50th Anniversary

1967 vs. 2017: How Things Have (and Haven’t) Changed


50 years is a long time. We all know that a whole lot can change, but what’s surprising is just how much stays the same.

Meet Pam and Mike Collins, our college kids of 1967. Pam studied Radiological Technology at Good Samaritan Hospital, and Mike studied Economics at Xavier University. They’ve been married for almost 46 years, and now their granddaughter (me), is a full-time student at UC Blue Ash College.

Mike Collins in 1967

Paul Michael Collins in 1967

Pam Collins in 1967

Pamela Hamberg Collins in 1967

In honor of the 50th Anniversary of our college, I sat down with them to see what being a college student in Cincinnati was really like 50 years ago.


“Notebooks and pens, just notebooks and pens,” is the first thing Pam recalls from college. “And the library was a big deal, there was no technology so you had to go to the library for all your research.” Mike remembers relying on the Wall Street Journal and the Economist to use as references during his finance classes.

As a college student in 2017, my laptop is glued to me like a fifth limb. I’m always working on homework, checking e-mails, referring to my notes. Academia in the 21st century is so technology driven, I’m not sure any of us could get through a semester with the library alone.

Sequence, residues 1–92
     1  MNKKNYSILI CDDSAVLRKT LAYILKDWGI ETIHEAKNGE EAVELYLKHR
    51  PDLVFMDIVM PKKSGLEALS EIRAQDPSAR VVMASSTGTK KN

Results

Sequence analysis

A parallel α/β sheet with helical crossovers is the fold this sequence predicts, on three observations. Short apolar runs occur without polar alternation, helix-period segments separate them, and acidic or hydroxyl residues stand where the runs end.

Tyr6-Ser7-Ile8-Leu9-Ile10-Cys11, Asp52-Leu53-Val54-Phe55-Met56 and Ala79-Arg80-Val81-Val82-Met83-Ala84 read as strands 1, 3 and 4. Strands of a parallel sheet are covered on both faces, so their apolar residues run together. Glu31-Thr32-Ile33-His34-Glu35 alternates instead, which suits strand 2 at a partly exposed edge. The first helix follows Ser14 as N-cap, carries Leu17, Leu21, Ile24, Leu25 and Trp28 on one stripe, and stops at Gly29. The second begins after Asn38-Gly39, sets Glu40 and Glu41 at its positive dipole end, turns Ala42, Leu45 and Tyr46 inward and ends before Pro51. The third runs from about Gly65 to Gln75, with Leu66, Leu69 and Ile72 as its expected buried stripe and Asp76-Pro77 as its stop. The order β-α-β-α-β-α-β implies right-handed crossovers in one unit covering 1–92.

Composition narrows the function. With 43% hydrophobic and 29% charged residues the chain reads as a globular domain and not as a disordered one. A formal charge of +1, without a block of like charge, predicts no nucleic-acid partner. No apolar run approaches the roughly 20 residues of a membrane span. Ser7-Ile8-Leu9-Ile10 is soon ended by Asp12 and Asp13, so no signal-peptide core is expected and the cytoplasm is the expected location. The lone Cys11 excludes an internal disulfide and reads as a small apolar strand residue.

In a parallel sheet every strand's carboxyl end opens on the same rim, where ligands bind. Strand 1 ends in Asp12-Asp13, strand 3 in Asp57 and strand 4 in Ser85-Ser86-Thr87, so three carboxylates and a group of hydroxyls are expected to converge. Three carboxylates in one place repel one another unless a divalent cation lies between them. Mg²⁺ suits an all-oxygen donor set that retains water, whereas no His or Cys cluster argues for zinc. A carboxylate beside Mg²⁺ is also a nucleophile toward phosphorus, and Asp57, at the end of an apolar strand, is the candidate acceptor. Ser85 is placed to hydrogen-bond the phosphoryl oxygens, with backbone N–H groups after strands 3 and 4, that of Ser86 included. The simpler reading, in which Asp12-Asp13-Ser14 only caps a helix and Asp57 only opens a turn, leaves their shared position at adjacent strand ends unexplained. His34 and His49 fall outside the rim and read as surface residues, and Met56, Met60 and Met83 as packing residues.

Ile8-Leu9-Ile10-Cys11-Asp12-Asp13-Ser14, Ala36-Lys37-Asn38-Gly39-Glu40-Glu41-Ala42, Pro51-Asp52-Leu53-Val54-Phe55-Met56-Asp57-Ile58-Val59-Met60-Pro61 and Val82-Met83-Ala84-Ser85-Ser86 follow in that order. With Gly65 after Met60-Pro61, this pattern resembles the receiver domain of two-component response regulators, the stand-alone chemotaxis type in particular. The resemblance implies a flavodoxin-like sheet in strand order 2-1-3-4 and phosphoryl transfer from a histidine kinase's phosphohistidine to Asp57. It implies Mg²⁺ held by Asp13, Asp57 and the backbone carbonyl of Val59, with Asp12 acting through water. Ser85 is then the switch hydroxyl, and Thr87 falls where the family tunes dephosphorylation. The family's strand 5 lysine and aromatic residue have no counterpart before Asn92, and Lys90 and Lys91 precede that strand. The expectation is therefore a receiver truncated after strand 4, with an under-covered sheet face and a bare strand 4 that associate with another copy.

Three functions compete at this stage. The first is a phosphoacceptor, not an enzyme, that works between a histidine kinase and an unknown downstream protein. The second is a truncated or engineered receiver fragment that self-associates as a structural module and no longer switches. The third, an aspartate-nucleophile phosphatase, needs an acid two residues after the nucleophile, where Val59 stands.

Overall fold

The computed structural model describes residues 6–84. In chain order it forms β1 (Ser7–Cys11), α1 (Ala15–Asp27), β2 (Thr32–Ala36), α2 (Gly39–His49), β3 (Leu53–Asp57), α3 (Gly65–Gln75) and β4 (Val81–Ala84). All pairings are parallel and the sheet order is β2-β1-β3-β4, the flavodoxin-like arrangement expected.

Pam and Mike Collins keep up with technology and take a selfie in 2017.

Pam and Mike Collins keep up with technology and take a selfie in 2017.

Without the internet or cable TV, my grandparents relied on newspapers and the nightly news to stay up-to-date on the world, “I would say almost 100% of households got a daily newspaper and you watched the news at 6:00 and 11:00. You trusted the news and you related to people on a personal level.”

Mike and Pam agree that life was more personal back then. “You didn’t communicate by phone, you communicated in person, did things in person…when you made plans you’d say ‘I’ll meet you at 6 p.m. at this bar’ and if they didn’t show up you just made other arrangements.”

But other than the technology aspect, the process of going to class sounds pretty familiar. Mike recalls, “my day was similar to what the classes are today: Monday, Wednesday, Friday you have the same classes, and Tuesday and Thursday you had different ones that were a little bit longer. Attendance was taken at the beginning and if ya missed a pop quiz…woe be the day! You took extensive notes, and after class in the student lounge you’d get together and say ‘what was this all about?’, then you’d go home and read and underline your text and try to make sense of it all.” Sounds about right, am I right?

Add for Duff's Steakhouse, where Mike was manager, in the UC News Record, October 1967.

Ad for Duff’s Steakhouse, where Mike was manager, in the UC News Record, October 1967.

Balancing Work and School

Pam notes that one of the biggest differences she sees between attending college then versus now is the presence and necessity of financial aid. “We didn’t get college loans, we thought if you can’t earn the money yourself, you don’t ask for stuff. But that was just our mentality because of our parents growing up in the Depression and then during World War II.” Pam chose to study X-ray Technology, because she received a stipend of $12.50/week at Good Samaritan Hospital.